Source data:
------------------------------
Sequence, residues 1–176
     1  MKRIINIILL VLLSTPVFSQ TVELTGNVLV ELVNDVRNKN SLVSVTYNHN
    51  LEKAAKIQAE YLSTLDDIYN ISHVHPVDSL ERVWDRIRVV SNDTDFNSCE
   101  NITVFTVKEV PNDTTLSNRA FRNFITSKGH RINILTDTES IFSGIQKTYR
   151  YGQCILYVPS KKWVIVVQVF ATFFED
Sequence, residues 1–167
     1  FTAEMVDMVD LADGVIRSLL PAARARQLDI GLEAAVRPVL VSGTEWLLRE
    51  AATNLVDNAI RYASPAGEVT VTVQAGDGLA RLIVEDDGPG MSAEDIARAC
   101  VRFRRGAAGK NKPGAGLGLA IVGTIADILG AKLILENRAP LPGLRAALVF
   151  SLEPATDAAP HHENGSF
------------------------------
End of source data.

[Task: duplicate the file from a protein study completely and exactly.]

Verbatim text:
Sequence, residues 1–176
     1  MKRIINIILL VLLSTPVFSQ TVELTGNVLV ELVNDVRNKN SLVSVTYNHN
    51  LEKAAKIQAE YLSTLDDIYN ISHVHPVDSL ERVWDRIRVV SNDTDFNSCE
   101  NITVFTVKEV PNDTTLSNRA FRNFITSKGH RINILTDTES IFSGIQKTYR
   151  YGQCILYVPS KKWVIVVQVF ATFFED
Sequence, residues 1–167
     1  FTAEMVDMVD LADGVIRSLL PAARARQLDI GLEAAVRPVL VSGTEWLLRE
    51  AATNLVDNAI RYASPAGEVT VTVQAGDGLA RLIVEDDGPG MSAEDIARAC
   101  VRFRRGAAGK NKPGAGLGLA IVGTIADILG AKLILENRAP LPGLRAALVF
   151  SLEPATDAAP HHENGSF